Perfection Isn’t Your Work, It’s God’s Work

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I have often wondered how we would respond if someone from the Hall of Faith was a member of our church.

Have you really thought about the kinds of people God chose to include in His Hall of Faith?

It is a motley crew of dysfunction and imperfection.

From an outward glance, they wouldn’t fit in our neat and tidy churches of blessed smiles that declare we’re living our best lives.

We would have a hard time reconciling their imperfections with our perception of what a “good Christian” should be.

Have you ever tried to measure up to that standard?

I have. And I discovered a two-fold problem arises when we try to live up to live up to this standard.

First, we fail to take into account that imperfect people living in an flesh that is not yet glorified cannot maintain a standard of perfection.

Second, when we discover that it is impossible to maintain this standard, we erect a façade so that our imperfections don’t show.

Our efforts to maintain an image of perfection always lead to inauthenticity.

Can I tell you a secret? God doesn’t expect perfection from you.

“But Rosilind, what about Matthew 5:48 that says ‘Therefore you shall be perfect, just as your Father in heaven is perfect.'”

The word perfect in the Greek is Teleios and means “of age, finished, complete, integrity”.

That’s quite a difference from our meaning of perfect.

When Jesus gave that command, He didn’t mean that we were to live faultless lives. That is an impossible command to keep.

Biblical perfection is a beautiful equation.

Our imperfect, broken, fractured lives + Jesus’ shed blood and God’s eternal love and grace = Lives made complete and whole.

When we choose to walk God’s grace each and every day, we will find that while we’re still imperfect, but we’re moving toward greater maturity and integrity so we’re free to be authentic.

We no longer have to hide our imperfections because our image isn’t the focus, God’s grace is the focus.

Perfection Isn’t Your Work, It’s God’s Work

We see this truth so clearly in the life of Abraham who is a dichotomy of great faith and great lack of faith.

We first see Abraham leaving his home and embarking on a journey, not knowing where he was going or where he would end up.

God shows him the stars of the heaven and gives him a covenant promise that his descendants would be more than could be numbered.

And rather than trusting God to fulfill his promise through Sarah, who had fertility issues and was well past menopause, he decided that he was going to make it happen.

He stepped outside of his marriage covenant and fathered a child with Sarah’s servant Hagar.

He went on to make even greater trouble for himself and Sarah when he didn’t trust God to protect him from Abimelech.

So he and Sarah lied and told Abimelech that Sarah was his sister.

How could a man who trusted God so greatly before show such a lack of faith?

And yet, Paul calls him “faithful Abraham” and he is honored in Hebrews 11 for his great faith.

Having great faith doesn’t mean that we will never have weak moments when we try to work things out on our own – as Abraham did with Hagar.

Great faith is a journey.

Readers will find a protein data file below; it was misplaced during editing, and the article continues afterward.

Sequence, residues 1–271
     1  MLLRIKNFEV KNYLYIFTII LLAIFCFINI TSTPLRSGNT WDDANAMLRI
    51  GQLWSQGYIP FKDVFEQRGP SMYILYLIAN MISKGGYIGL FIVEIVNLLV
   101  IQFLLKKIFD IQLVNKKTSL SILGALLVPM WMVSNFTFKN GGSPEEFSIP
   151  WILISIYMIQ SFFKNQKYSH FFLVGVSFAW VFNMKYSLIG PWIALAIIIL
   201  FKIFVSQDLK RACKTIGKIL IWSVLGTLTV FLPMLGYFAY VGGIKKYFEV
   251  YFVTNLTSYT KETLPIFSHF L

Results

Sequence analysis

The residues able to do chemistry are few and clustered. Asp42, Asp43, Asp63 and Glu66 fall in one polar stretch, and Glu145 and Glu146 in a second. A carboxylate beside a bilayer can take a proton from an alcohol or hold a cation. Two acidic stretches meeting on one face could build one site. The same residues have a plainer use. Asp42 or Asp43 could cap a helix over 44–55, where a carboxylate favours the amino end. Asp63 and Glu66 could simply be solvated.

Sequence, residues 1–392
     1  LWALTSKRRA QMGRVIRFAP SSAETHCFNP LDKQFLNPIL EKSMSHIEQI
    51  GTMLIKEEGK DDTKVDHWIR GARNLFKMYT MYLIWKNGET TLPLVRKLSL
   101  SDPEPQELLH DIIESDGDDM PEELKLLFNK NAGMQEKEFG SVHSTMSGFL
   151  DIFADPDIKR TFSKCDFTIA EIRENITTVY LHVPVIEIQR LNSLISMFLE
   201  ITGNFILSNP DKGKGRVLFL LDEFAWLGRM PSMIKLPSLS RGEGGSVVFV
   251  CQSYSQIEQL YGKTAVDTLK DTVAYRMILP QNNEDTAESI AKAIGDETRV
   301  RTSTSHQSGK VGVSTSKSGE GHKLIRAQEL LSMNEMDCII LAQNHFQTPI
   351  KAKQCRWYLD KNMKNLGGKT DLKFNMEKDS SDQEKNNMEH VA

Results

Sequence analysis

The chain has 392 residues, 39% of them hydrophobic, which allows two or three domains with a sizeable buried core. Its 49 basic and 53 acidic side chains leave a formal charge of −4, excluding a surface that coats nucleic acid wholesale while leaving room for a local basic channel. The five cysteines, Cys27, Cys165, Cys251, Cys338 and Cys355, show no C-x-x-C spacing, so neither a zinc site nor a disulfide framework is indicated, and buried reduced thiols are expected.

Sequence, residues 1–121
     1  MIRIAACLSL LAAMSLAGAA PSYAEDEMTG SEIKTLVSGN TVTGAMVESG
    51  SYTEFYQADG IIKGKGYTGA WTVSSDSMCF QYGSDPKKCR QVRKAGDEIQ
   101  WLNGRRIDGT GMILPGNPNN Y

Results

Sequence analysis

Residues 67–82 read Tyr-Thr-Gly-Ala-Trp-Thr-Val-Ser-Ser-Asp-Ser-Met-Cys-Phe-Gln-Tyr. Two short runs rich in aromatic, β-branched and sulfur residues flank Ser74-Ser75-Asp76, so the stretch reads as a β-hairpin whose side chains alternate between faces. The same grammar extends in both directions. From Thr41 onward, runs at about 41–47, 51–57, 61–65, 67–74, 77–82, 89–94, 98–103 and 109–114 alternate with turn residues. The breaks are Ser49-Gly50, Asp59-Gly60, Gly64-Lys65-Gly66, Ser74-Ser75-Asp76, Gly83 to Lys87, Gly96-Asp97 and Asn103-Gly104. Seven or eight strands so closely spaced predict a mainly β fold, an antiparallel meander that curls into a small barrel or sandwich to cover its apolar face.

After Abraham fathered a child with Hagar, and after Abimelech sent Sarah back to her husband Abraham, God put Abraham to an even greater test of his faith-

To take his only son and offer him as a sacrifice.

In this, Abraham showed just how deep his faith and trust in God really was.

While he may have had moments of weakness, his faith in God to keep his covenant promise was deeper than the love he had for his son.

Great faith and living the Christian life as authentic disciples of Jesus Christ isn’t about our ability to keep a perfect standard.

It’s about daily accepting God’s eternal grace to cover over our imperfections and weaknesses so that we are complete in Him.

As you therefore have received Christ Jesus the Lord, so walk in Him, rooted and built up in Him and established in the faith, as you have been taught, abounding in it with thanksgiving. Beware lest anyone cheat you through philosophy and empty deceit, according to the tradition of men, according to the basic principles of the world, and not according to Christ. For in Him dwells all the fullness of the Godhead bodily; and you are complete in Him, who is the head of all principality and power.

Colossians 2:6-10 [Emphasis mine]

Dear sister, do not let the philosophies of this world of perfection and the image of success rob you of God’s grace and the joy of authenticity as a disciple of Christ.

Allow God to set you free from that standard that keeps you driven.

Jesus said that His yoke is easy and His burden is light.

It’s the yoke of false Christianity and empty deceit that keeps us bound to the unhappy and weighty burden of maintaining an impossible standard.

It’s the easy and light yoke of Christ that says, “rest in me and accept my grace that covers over your imperfections and makes you complete and whole.”


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Read more articles from the book of Genesis here:

3 Things That Prevent Us from Walking With God Like Enoch

Are We Living In the Days of Noah

Prior article from Genesis: What if Noah Were My Peer?

How to Be a Woman of Great Faith

Prior article from Genesis: He Isn’t the God You Think He Is

Perfection Isn’t Your Work, It’s God’s Work

Prior article from Genesis: The Covenant of Negotiation

What To Do When the Promise God Gives You Dies

How to Forgive as God Forgives

Prior article from Genesis: 3 Ways to Avoid Becoming Like Esau

What Does It Mean to Be Touched By God?

How to Build Your Trust in God in Hard Times

5 Ways to Build Trust in God’s Plan for Your Future

6 Ways Jesus is Revealed in Genesis

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